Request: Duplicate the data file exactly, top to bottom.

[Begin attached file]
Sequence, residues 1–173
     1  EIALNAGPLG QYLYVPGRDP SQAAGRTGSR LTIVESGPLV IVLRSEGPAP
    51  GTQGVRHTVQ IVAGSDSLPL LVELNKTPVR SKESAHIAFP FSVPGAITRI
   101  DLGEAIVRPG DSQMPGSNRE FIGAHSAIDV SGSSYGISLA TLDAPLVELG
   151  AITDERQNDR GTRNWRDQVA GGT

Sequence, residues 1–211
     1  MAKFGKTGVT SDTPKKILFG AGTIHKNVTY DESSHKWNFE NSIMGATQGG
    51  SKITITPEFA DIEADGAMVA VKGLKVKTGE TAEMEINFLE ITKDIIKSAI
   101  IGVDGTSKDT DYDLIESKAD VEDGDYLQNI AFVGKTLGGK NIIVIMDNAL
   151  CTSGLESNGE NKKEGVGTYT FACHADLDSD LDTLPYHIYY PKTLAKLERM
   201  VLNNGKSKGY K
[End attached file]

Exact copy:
Sequence, residues 1–173
     1  EIALNAGPLG QYLYVPGRDP SQAAGRTGSR LTIVESGPLV IVLRSEGPAP
    51  GTQGVRHTVQ IVAGSDSLPL LVELNKTPVR SKESAHIAFP FSVPGAITRI
   101  DLGEAIVRPG DSQMPGSNRE FIGAHSAIDV SGSSYGISLA TLDAPLVELG
   151  AITDERQNDR GTRNWRDQVA GGT

Sequence, residues 1–211
     1  MAKFGKTGVT SDTPKKILFG AGTIHKNVTY DESSHKWNFE NSIMGATQGG
    51  SKITITPEFA DIEADGAMVA VKGLKVKTGE TAEMEINFLE ITKDIIKSAI
   101  IGVDGTSKDT DYDLIESKAD VEDGDYLQNI AFVGKTLGGK NIIVIMDNAL
   151  CTSGLESNGE NKKEGVGTYT FACHADLDSD LDTLPYHIYY PKTLAKLERM
   201  VLNNGKSKGY K